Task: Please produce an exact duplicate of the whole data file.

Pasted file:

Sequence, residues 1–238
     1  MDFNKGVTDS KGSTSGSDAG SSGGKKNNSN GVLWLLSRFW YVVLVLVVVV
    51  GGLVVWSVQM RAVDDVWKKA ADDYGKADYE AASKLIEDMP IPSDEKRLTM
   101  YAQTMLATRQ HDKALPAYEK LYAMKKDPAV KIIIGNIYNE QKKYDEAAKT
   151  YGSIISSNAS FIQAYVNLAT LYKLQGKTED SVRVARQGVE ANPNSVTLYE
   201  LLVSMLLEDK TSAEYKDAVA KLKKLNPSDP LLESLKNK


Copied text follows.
Sequence, residues 1–238
     1  MDFNKGVTDS KGSTSGSDAG SSGGKKNNSN GVLWLLSRFW YVVLVLVVVV
    51  GGLVVWSVQM RAVDDVWKKA ADDYGKADYE AASKLIEDMP IPSDEKRLTM
   101  YAQTMLATRQ HDKALPAYEK LYAMKKDPAV KIIIGNIYNE QKKYDEAAKT
   151  YGSIISSNAS FIQAYVNLAT LYKLQGKTED SVRVARQGVE ANPNSVTLYE
   201  LLVSMLLEDK TSAEYKDAVA KLKKLNPSDP LLESLKNK